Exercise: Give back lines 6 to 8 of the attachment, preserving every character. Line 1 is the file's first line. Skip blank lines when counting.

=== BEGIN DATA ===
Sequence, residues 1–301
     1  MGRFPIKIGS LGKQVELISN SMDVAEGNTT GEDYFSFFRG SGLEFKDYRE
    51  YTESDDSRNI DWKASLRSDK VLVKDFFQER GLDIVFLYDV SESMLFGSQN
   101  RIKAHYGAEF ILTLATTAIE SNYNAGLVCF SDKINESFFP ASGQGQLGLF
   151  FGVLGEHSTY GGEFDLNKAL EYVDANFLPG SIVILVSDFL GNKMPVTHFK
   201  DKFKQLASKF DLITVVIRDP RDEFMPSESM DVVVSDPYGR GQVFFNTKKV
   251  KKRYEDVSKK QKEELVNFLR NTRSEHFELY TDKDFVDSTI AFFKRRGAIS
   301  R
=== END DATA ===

   201  DKFKQLASKF DLITVVIRDP RDEFMPSESM DVVVSDPYGR GQVFFNTKKV
   251  KKRYEDVSKK QKEELVNFLR NTRSEHFELY TDKDFVDSTI AFFKRRGAIS
   301  R